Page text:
LiveWell with Traditions Changing Your Salty Ways Heart Healthy Tips from a Dietitian

Changing Your Salty Ways: Heart Healthy Tips from a Dietitian

Veronica Gober, Dietitian

Veronica Gober

Registered Dietitian

As a dietician, I love helping people improve their health. The foods we eat play a massive role in our organ functioning and overall quality of life, and my goal is to help as many people as possible live healthier lives by eating better. 

When I’m working with people, they usually ask me many questions. Salt is one thing people ask about a lot, probably because it’s so prevalent in many of the foods we eat every day. Frequently asked questions include: 

  • Is salt bad for you?
  • How much sodium is too much?

If you’ve been wondering about these, read on. I’ve compiled this short guide to answer some of the most common salt and sodium consumption questions. 

How much sodium per day?

The recommended amount of sodium for adults is no more than 2,300mg daily. That’s approximately one teaspoon of table salt. 

Why do I crave salt?

People crave salt for a variety of reasons. Research shows that certain external factors, like boredom and stress, can make an individual crave salt. “Comfort foods,” like macaroni and cheese, pizza, and fried foods, tend to be high-sodium foods, so the factors that push people toward comfort foods—including a lack of sleep—can increase their sodium consumption. 

Excessive sweating and certain conditions, like Addison’s disease and cystic fibrosis, can also cause salt cravings. 

When you’re craving salt, using other herbs and seasonings in your food can be helpful. For example, you can make a zesty homemade pesto sauce with fresh basil instead of a salty jarred alfredo. Similarly, you can make homemade chili with cumin and cilantro instead of salty canned chili. Generally, cooking at home effectively reduces sodium intake, as salt is often used as a preservative in packaged foods. 

By embracing a diet rich in whole foods and using spices and herbs, we reduce our sodium intake and discover a whole new world of delicious, life-enhancing meals.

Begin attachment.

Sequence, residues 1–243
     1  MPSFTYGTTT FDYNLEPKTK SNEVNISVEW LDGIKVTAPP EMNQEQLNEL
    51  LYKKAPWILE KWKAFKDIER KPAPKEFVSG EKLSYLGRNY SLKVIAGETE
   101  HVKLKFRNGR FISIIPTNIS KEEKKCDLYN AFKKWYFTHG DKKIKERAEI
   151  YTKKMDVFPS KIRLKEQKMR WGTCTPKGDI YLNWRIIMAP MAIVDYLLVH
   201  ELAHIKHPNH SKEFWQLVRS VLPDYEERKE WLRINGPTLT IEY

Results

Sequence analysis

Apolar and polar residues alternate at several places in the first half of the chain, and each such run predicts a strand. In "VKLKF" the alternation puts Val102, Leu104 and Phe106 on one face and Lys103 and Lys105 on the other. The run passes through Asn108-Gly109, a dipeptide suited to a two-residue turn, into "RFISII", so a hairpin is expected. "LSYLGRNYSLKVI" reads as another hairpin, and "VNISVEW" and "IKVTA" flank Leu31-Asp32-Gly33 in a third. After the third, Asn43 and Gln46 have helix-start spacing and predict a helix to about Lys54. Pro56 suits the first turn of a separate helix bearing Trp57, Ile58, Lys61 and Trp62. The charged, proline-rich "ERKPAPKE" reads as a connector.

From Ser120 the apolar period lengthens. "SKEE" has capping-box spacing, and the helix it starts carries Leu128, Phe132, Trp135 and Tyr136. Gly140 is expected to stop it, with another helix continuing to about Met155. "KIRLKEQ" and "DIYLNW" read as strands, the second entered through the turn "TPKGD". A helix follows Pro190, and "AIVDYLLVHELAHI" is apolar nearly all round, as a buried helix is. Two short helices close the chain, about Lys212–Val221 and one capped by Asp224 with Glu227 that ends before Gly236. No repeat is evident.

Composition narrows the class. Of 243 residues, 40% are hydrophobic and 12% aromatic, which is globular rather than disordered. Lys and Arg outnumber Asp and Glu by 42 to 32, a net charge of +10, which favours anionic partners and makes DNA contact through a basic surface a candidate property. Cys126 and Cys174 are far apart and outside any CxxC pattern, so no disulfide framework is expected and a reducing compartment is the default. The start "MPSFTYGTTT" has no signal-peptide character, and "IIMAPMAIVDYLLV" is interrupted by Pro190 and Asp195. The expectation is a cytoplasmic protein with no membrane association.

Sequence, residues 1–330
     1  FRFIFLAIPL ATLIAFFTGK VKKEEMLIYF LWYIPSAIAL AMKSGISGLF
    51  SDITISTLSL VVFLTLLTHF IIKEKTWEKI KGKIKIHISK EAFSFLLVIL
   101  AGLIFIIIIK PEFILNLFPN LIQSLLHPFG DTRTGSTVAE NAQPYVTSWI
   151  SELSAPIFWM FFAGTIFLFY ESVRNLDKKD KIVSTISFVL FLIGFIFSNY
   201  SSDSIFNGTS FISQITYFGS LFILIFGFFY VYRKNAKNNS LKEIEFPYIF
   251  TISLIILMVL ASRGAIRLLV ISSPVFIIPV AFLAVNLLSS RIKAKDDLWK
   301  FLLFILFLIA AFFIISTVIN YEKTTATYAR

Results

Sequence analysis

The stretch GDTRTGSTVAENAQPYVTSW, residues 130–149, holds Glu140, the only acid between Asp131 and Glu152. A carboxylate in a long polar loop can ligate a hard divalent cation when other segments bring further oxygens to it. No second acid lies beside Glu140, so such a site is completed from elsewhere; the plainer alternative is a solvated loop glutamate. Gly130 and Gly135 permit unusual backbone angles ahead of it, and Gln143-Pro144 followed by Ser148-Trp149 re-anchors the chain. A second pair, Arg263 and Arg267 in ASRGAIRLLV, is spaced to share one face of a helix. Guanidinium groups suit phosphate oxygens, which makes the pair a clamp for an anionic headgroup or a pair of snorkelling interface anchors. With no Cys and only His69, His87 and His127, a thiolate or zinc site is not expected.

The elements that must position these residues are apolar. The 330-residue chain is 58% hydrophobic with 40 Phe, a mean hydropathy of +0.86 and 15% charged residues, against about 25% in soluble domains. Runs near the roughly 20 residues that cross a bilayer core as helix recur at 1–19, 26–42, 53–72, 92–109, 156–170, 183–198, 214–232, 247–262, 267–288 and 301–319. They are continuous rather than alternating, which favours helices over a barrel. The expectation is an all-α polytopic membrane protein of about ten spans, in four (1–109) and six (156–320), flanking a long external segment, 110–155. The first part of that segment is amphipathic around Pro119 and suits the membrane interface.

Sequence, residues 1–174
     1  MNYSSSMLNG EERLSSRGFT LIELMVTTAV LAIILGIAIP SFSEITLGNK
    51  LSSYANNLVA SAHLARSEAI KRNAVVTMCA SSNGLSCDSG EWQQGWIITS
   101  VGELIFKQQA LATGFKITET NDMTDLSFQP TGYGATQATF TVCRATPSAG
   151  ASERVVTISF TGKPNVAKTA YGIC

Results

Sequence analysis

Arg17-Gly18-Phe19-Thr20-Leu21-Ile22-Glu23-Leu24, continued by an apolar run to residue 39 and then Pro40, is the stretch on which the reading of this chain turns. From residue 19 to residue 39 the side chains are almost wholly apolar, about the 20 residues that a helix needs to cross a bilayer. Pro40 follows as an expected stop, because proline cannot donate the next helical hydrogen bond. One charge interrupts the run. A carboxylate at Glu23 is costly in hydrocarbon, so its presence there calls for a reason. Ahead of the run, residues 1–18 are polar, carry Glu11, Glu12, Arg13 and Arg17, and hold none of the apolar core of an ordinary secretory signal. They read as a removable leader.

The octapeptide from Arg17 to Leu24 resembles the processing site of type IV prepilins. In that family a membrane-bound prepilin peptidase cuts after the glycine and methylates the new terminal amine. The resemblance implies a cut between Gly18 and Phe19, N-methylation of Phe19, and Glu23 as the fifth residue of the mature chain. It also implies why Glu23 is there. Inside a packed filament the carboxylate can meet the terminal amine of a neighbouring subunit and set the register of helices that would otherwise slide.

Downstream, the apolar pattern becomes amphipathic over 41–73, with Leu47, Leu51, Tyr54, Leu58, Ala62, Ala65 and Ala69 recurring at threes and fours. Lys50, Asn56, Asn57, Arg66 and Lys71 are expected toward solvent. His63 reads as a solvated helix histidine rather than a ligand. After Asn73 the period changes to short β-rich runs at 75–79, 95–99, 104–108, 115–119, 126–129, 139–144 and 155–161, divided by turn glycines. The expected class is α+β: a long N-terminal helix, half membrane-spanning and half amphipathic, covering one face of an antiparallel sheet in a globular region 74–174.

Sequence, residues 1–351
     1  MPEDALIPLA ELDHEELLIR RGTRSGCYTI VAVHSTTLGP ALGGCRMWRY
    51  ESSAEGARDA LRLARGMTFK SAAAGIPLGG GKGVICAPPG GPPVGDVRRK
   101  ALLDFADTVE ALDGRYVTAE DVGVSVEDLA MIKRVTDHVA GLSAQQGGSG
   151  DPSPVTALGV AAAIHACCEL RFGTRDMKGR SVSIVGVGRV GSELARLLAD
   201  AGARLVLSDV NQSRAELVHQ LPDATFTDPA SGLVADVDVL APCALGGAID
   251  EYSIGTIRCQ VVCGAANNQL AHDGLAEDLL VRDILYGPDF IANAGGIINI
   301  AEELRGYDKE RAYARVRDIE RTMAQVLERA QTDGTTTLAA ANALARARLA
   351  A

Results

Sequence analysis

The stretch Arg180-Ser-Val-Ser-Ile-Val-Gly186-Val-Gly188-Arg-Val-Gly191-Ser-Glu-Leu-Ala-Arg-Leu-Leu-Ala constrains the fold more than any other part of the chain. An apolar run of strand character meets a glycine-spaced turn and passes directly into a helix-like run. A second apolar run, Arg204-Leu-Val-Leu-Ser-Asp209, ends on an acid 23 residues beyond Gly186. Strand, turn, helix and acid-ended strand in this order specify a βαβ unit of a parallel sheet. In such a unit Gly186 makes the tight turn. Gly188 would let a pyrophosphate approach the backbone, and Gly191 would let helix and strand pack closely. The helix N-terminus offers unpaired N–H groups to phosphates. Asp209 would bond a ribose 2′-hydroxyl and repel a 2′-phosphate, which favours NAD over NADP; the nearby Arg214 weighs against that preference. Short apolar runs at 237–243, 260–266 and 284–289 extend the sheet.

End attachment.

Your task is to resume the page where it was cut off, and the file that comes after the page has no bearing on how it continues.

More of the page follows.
Where does salt come from?

Salt is a mineral found in two sources: halite, commonly known as rock salt, and seawater. Nutritionally, salt from both sources is identical—as are “specialty” salts like Himalayan pink salt.

Is salt bad for you?

In a word, no. Salt is not bad for you. However, excessive consumption of salt is harmful to your health. Excessive sodium consumption is linked to increased blood pressure, which can increase your risk of suffering a heart attack or stroke. 

As a dietitian, I often say, “Salt is like the sun. It is essential for life in moderation, but too much can be harmful.” Our journey toward a heart-healthy lifestyle does not mean eliminating salt, but learning to appreciate the flavors nature provides us.

So, how much sodium is too much? Any more than 2,300mg per day. To maintain a heart-healthy lifestyle, track how much sodium you consume daily. The amount of sodium in each serving is listed in the nutrition facts for packaged foods. When making homemade meals, you can easily track how much salt you add to the food. 

What are foods with high sodium?

High-sodium foods include, but are not limited to: 

  • Deli meats
  • Smoked and canned meats like sausages
  • Shrimp
  • Processed and packaged foods
  • Packaged sauces and dressings
  • Pizza
  • Bread and rolls

Cutting back on high-sodium foods is just one of the heart-healthy lifestyle changes you can make to improve your health and overall quality of life. Remember, every small change in your diet can improve your health and well-being.

For more information about heart-healthy habits and their impact on your well-being, read our blog post on How Sodium Negatively Impacts a Heart-Healthy Lifestyle and Heart-healthy Food Swaps. 


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